Impact of reduced dose of ready-to-use therapeutic foods in children with uncomplicated severe acute malnutrition: A randomised non-inferiority trial in Burkina Faso

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Suvi T Kangas, Cécile Salpéteur, Victor Nikièma, Leisel Talley, Christian Ritz, Henrik Friis, André Briend, Pernille Kæstel

Background: Children with uncomplicated severe acute malnutrition (SAM) are treated at home with ready-to-use therapeutic foods (RUTFs). The current RUTF dose is prescribed according to the weight of the child to fulfil 100% of their nutritional needs until discharge. However, there is doubt concerning the dose, as it seems to be shared, resulting in suboptimal cost-efficiency of SAM treatment. We investigated the efficacy of a reduced RUTF dose in community-based treatment of uncomplicated SAM.

Methods and findings: We undertook a randomised trial testing the non-inferiority of weight gain velocity of children with SAM receiving (a) a standard RUTF dose for two weeks, followed by a reduced dose thereafter (reduced), compared with (b) a standard RUTF dose throughout the treatment (standard). A mean difference of 0.0 g/kg/day was expected, with a non-inferiority margin fixed at -0.5 g/kg/day. Linear and logistic mixed regression analyses were performed, with study site and team as random effects. Between October 2016 and July 2018, 801 children with uncomplicated SAM aged 6-59 months were enrolled from 10 community health centres in Burkina Faso. At admission, the mean age (± standard deviation [SD]) was 13.4 months (±8.7), 49% were male, and the mean weight was 6.2 kg (±1.3). The mean weight gain velocity from admission to discharge was 3.4 g/kg/day and did not differ between study arms (Δ 0.0 g/kg/day; 95% CI -0.4 to 0.4; p = 0.92) confirming non-inferiority (p = 0.013). However, after two weeks, the weight gain velocity was significantly lower in the reduced dose with a mean of 2.3 g/kg/day compared with 2.7 g/kg/day in the standard dose (Δ -0.4 g/kg/day; 95% CI -0.8 to -0.02; p = 0.041). The length of stay (LoS) was not different (p = 0.73) between groups with a median of 56 days (interquartile range [IQR] 35-91) in both arms. No differences were found between reduced and standard arm in recovery (52.7% and 55.4%; p = 0.45), referral (19.2% and 20.1%; p = 0.80), defaulter (12.2% and 8.5%; p = 0.088), non-response (12.7% and 12.5%; p = 0.95), and relapse (2.4% and 1.8%; p = 0.69) rates, respectively. However, the reduced RUTF dose had a small 0.2 mm/week (95% CI 0.04 to 0.4; p = 0.015) negative effect on height gain velocity with a mean height gain of 2.6 mm/week with reduced and 2.8 mm/week with standard RUTF dose. The impact was more pronounced in children under 12 months of age (interaction, p = 0.019) who gained 2.8 mm/week with reduced and 3.1 mm/week with standard dose (Δ -0.4 mm/week; 95% CI -0.6 to -0.2; p < 0.001). Limitations include not blinding participants to the RUTF dose received and excluding all children with negative appetite test. The results are generalisable for relatively food secure contexts with a young SAM population.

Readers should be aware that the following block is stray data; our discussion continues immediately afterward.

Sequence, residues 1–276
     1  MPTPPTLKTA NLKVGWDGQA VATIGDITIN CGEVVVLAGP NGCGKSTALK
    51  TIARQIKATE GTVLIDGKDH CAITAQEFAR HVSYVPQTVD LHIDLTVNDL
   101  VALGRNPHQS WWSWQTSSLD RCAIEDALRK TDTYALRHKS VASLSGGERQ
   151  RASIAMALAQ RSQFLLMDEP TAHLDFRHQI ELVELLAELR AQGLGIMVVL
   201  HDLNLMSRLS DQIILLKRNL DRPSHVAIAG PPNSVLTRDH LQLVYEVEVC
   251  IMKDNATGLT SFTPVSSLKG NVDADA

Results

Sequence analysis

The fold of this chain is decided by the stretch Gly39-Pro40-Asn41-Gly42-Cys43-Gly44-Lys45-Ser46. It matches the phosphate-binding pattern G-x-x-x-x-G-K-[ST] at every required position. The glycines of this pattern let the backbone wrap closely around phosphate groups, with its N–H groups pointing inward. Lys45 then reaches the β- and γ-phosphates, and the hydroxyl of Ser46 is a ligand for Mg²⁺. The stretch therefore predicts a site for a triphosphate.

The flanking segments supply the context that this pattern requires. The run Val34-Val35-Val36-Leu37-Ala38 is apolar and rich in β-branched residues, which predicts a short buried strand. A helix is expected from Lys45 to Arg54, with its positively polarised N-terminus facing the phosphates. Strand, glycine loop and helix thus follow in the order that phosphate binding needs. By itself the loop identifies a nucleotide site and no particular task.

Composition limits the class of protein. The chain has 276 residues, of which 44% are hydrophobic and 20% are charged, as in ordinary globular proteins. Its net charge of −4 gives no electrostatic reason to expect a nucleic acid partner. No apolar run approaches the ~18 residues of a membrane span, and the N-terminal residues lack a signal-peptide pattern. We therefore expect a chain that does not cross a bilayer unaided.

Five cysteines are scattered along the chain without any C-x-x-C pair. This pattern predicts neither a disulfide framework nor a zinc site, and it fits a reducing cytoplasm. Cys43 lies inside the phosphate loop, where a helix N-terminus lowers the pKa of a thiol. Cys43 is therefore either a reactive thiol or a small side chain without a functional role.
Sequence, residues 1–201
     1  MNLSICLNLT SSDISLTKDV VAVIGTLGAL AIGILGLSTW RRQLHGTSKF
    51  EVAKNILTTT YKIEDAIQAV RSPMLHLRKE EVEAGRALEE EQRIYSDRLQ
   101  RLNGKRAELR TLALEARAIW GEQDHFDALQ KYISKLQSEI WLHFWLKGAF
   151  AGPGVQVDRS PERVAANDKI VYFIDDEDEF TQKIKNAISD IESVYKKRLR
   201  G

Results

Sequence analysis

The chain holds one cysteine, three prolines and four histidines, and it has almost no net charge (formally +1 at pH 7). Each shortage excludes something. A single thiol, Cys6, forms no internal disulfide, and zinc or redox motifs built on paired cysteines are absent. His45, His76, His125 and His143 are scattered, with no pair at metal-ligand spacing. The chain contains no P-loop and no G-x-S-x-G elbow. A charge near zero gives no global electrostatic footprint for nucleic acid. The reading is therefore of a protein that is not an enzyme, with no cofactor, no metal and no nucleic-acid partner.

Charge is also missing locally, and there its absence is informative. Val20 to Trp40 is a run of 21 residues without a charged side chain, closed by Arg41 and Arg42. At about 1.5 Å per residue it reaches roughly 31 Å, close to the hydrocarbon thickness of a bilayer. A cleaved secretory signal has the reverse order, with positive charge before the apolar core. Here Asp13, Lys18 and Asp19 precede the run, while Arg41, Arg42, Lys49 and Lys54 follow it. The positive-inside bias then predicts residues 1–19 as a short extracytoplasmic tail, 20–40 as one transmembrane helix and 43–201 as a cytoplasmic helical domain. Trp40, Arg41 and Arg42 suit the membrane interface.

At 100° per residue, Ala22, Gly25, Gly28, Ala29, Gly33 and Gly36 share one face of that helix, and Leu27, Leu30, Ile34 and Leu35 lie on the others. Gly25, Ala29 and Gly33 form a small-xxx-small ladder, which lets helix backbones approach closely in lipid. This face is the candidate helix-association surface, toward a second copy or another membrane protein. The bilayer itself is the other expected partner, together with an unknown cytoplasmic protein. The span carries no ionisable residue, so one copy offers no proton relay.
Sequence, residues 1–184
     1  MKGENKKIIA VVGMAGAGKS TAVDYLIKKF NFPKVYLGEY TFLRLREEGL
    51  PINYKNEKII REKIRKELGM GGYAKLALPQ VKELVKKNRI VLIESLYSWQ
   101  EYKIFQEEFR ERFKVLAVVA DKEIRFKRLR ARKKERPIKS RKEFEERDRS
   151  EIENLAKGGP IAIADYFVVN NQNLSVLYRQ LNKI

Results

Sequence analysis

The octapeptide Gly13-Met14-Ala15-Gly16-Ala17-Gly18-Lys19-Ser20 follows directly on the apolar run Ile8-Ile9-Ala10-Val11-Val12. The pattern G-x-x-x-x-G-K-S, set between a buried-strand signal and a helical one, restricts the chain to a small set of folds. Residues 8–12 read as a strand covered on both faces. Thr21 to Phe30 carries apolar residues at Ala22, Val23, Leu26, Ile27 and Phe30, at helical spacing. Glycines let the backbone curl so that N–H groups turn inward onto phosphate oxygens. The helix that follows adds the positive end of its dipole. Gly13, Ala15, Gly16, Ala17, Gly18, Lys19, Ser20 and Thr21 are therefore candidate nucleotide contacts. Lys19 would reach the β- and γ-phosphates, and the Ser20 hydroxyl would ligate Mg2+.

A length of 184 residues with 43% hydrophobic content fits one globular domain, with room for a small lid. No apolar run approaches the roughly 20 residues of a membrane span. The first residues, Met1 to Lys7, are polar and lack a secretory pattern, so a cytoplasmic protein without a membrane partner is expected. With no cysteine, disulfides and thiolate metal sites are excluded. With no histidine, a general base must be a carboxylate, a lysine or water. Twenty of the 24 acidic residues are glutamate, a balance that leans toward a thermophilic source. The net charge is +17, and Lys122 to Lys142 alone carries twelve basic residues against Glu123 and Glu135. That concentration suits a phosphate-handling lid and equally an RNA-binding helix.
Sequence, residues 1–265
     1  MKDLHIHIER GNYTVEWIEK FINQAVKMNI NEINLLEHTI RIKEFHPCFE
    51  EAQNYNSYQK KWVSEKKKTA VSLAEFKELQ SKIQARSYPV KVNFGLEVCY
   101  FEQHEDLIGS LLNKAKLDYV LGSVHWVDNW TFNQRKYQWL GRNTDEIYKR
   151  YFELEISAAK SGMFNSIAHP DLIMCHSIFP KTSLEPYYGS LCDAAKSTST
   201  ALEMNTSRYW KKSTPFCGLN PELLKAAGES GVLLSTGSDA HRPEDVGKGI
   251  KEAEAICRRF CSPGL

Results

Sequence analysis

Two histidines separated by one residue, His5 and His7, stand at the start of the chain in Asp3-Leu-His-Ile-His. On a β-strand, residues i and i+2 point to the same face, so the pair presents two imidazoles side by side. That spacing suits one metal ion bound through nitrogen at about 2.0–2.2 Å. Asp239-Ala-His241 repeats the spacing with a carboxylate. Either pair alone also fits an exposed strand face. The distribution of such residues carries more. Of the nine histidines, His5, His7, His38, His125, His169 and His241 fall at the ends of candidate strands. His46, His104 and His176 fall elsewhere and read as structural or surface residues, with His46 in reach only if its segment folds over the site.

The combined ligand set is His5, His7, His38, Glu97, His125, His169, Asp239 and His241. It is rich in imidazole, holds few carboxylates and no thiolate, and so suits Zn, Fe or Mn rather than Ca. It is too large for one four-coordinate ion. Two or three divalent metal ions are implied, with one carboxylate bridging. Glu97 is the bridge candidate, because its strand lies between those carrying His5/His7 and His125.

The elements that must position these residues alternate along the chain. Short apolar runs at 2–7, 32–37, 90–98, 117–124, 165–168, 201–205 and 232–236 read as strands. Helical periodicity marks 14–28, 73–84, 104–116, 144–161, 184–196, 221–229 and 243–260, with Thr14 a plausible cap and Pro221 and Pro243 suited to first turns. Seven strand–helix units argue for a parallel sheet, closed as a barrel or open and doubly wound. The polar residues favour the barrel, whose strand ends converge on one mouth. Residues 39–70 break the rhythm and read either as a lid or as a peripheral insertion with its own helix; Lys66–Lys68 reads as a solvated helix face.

Conclusions: Reducing the RUTF dose provided to children with SAM after two weeks of treatment did not reduce overall weight or mid-upper arm circumference (MUAC) gain velocity nor affect recovery or lengthen treatment time. However, it led to a small but significant negative effect on linear growth, especially among the youngest. The potential effect of reducing the RUTF dose in a routine program on treatment outcomes should be evaluated before scaling up.

Trial registration: ISRCTN registry ISRCTN50039021.

TidsskriftP L o S Medicine (Online)
Udgave nummer8
Antal sider19
StatusUdgivet - 2019

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CURIS 2019 NEXS 272

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